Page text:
By Beth Mole
Nature – Preventing seasonal sniffles may be more complicated than researchers suspected. A vaccine that protects piglets from one common influenza virus also makes them more vulnerable to a rarer flu strain, researchers report today in Science Translational Medicine1.
The team gave piglets a vaccine against H1N2 influenza. The animals responded by making antibodies that blocked that virus — but aided infection with the strain H1N1, which caused a pandemic among humans in 2009. In the study, H1N1 infected more cells and caused more severe pneumonia in vaccinated piglets than unvaccinated ones.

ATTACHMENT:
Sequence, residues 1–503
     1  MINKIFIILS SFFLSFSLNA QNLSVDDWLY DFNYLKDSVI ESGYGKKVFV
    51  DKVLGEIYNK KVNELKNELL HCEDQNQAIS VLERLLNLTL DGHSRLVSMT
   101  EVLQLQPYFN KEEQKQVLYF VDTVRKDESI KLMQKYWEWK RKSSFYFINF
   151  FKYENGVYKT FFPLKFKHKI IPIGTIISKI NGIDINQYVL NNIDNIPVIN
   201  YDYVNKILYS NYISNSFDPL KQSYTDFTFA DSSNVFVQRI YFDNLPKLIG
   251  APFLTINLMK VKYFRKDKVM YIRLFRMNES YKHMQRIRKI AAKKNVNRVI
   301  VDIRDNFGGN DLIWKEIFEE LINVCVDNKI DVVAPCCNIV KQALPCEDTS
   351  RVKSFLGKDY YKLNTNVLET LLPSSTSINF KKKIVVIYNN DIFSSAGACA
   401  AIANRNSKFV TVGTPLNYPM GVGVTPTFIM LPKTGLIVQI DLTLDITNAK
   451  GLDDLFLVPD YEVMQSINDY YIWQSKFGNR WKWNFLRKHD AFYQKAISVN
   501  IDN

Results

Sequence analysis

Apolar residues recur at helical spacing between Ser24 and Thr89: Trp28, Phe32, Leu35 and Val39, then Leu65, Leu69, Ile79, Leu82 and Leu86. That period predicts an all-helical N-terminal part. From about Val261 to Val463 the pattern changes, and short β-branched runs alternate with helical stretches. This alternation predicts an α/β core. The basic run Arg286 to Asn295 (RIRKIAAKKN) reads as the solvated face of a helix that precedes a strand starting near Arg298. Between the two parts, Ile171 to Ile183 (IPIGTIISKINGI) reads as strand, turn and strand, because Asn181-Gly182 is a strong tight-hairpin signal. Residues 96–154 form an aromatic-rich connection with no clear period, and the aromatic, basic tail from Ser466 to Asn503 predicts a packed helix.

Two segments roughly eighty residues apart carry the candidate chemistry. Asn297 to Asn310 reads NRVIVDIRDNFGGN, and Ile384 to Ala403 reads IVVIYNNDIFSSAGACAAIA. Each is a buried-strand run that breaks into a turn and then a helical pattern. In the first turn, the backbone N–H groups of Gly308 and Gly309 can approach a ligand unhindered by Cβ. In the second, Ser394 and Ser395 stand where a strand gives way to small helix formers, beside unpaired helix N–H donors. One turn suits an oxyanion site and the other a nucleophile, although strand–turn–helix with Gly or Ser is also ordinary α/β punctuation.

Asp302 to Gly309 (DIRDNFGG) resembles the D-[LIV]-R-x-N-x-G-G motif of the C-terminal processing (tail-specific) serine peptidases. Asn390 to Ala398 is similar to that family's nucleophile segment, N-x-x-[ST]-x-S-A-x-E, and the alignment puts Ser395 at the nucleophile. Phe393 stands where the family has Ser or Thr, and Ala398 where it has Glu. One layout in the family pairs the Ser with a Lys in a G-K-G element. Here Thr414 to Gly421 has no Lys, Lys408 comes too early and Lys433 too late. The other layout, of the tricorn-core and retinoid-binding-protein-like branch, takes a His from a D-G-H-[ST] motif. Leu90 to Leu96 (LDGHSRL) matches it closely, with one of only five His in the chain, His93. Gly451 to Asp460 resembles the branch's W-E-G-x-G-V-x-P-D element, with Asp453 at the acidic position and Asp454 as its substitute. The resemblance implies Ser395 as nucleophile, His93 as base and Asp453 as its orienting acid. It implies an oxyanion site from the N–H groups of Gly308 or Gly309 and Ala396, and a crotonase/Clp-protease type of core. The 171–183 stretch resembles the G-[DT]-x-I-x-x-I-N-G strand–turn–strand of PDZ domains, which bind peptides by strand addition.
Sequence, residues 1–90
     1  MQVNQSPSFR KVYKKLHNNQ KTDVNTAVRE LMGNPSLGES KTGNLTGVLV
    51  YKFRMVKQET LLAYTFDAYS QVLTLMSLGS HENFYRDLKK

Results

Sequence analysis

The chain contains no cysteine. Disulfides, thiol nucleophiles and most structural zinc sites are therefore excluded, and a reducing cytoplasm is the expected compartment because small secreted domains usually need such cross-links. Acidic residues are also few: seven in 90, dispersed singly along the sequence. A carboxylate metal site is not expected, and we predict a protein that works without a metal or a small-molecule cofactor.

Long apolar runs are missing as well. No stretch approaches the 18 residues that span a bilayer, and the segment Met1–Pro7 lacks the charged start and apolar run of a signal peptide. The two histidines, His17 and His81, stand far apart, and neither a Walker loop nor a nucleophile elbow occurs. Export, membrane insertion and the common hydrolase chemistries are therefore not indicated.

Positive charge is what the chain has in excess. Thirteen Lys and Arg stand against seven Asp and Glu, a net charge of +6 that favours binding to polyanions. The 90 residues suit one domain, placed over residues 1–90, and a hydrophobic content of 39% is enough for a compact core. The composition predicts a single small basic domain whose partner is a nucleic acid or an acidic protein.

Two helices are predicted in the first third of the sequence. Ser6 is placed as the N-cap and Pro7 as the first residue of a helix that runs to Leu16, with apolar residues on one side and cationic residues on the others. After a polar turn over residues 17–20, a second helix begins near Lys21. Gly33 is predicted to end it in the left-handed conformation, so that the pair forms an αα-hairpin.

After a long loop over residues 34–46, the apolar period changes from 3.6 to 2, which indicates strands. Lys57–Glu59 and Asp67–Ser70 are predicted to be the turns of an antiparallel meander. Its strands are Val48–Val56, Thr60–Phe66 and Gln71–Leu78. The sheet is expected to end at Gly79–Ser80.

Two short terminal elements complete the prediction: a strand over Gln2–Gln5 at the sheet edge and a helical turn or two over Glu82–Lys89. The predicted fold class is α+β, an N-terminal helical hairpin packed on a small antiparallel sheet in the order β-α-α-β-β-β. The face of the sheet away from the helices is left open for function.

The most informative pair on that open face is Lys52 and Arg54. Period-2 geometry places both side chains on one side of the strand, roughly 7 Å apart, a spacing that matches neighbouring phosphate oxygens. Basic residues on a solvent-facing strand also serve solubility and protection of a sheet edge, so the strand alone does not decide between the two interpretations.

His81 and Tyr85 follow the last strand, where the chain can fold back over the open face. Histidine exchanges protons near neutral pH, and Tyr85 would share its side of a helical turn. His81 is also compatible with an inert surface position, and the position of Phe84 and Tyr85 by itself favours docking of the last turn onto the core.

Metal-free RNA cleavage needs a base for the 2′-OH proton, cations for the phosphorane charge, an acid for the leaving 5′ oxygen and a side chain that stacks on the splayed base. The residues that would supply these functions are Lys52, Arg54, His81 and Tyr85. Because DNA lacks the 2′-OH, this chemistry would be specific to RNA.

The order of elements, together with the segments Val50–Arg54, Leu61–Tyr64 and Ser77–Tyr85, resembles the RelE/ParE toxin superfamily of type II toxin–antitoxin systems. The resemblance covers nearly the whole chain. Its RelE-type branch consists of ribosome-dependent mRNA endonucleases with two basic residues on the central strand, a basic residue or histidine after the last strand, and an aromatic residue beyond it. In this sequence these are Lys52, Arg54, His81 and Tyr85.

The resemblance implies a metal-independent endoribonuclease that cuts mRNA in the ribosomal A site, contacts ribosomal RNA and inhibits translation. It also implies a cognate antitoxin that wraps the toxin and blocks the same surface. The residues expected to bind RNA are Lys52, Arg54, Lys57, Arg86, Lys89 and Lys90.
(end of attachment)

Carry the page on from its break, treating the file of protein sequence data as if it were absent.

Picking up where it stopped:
The root of the different immune responses lies with the mushroom-shaped haemagglutinin protein found on the outside of influenza-virus particles, which helps them to attach onto cells in the airways. The protein occurs in all types of flu, but the make-up of its cap and stem vary between strains….>Continue Reading<<
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